Tuesday, April 9, 2013

Six Questions for Beth Wodzinski, Publisher, Shimmer Magazine

Shimmer Magazine publishes contemporary fantasy short stories, with a few ventures into science fiction or horror. Read the complete fiction guidelines here.

(Ceased publication)

SQF: Why did you start this magazine?

BW: I'd always enjoyed working with other people's stories in critique groups, and thought I might be good at it. I also thought there was room in the publishing world for the kind of stories that resonated with me the most: stories with graceful prose, subtle and nuanced characterization, and a strong sense of yearning or loss. Kelly Link and Gavin Grant once described our tone as "elegiac," and I love that.  

Really I was very naive: there's so much more that goes into running a magazine than the editorial side. I've had to learn a lot about marketing and accounting and coordinating volunteers and taxes and printers and a hundred other non-sexy things. It's been a great learning experience, and I continue to learn as we've moved up to the ranks of magazines that pay pro rates. 

SQF: What are the top three things you look for in a submission and why?

BW: We're looking for a quality of freshness, for an idea we haven't seen a thousand times already, for a voice that doesn't sound like everything else.  

We look for an elegance in prose—there's a particular tone that always stands out for us and makes a story not just good, but a Shimmer story. 

And we're looking for emotion, told with subtlety and nuance: most often, our stories are full of longing and sorrow, but are never maudlin or nostalgic. Check out the stories we've got up for free (including one whole issue) to get a feel for what we're drawn to.

SQF: What common mistakes do you encounter that turn you off to a submission?

BW: Lately we've been seeing a lot of submissions that start three or four pages too late—there's lots of static world-building and description before the story really gets going. In a 3500-word story, you really can't afford to waste that much time. Start where things get interesting, and work in all that lovely world-building and description as you need it.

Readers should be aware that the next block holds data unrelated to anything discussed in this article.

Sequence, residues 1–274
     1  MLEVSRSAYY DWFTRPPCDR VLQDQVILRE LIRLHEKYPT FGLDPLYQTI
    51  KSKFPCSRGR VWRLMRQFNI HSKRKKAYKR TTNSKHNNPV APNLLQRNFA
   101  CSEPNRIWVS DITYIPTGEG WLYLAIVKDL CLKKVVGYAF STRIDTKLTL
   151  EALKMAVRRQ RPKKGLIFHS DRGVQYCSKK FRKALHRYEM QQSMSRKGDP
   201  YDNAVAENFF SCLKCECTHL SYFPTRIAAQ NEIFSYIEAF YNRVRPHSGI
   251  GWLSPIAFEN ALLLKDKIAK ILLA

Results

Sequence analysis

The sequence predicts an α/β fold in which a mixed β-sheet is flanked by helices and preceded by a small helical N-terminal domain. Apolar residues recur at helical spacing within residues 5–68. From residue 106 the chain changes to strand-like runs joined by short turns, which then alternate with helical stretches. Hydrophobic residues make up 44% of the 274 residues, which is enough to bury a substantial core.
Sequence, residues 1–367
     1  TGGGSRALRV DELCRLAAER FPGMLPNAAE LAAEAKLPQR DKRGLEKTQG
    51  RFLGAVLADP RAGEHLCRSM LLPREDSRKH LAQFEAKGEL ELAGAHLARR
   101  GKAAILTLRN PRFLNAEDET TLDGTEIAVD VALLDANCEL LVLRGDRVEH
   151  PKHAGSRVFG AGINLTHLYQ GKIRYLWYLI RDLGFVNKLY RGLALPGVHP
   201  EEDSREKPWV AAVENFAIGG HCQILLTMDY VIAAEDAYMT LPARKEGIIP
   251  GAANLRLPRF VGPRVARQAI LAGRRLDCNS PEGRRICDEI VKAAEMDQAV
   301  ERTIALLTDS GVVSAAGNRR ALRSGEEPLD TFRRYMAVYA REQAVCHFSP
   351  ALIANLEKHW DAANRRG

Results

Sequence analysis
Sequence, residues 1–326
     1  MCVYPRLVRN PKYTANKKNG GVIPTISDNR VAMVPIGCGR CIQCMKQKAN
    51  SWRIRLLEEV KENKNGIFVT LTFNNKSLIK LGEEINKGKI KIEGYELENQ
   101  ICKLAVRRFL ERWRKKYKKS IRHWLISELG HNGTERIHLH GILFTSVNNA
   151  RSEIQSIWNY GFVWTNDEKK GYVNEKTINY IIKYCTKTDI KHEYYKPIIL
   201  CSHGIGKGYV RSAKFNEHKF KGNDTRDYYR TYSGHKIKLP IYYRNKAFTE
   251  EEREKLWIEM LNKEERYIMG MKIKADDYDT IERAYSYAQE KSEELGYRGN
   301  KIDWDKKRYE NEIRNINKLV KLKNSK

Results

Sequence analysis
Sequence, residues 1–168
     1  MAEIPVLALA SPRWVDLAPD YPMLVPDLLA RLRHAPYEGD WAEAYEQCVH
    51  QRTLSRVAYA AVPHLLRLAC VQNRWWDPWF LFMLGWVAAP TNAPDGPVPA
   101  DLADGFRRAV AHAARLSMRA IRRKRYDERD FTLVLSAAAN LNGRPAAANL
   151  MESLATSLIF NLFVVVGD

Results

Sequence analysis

We see story after story after story where female characters are only there to be raped or abused. I encourage everyone to read Jim Hines's post at the Apex blog called Writing About Rape.

SQF: Do you provide comments when you reject a submission?

BW: We often provide comments; we aim to be friendly and helpful. I recently wrote a blog post in which I revealed the truth about our rejection letters.

SQF: Based on your experience as an editor, what have you learned about writing?

BW: I've learned a lot about what doesn't work in stories technically—but what makes a story stand out remains magical and elusive. That magical element can overcome lots of technical flaws—but no technical mastery can overcome the absence of magic. 

SQF: What one question on this topic do you wish I'd asked that I didn't? And how would you answer it?

BW: In response to the Weird Tales debacle last summer, Shimmer went pro. What was that like? 

For readers who aren't familiar with the background, here's a link that covers the situation pretty well.

That was an amazing day. One minute I was, like the rest of the speculative fiction community, aghast at the events; and then Mary Robinette Kowal talked to me and offered to subsidize us bumping our pay to professional rates. Half an hour later we made the announcement. Response was overwhelming and supportive; submissions tripled; sales went up, as well. Everyone on staff has really stepped up their effort, too. We're working to be professional in all ways, not just paying pro rates. 

It was life-changing for me: not so much because suddenly we were a pro magazine, but because it showed me that there's always hope, even when things are grim and ugly. You can choose to make things better. You can choose to light a candle, instead of cursing the darkness. You can choose fireworks. 

Thank you, Beth. We all appreciate you taking time from your busy schedule to participate in this project.

NEXT POST: 4/12--Six Questions for James R. Gapinski, Managing Editor, The Conium Review

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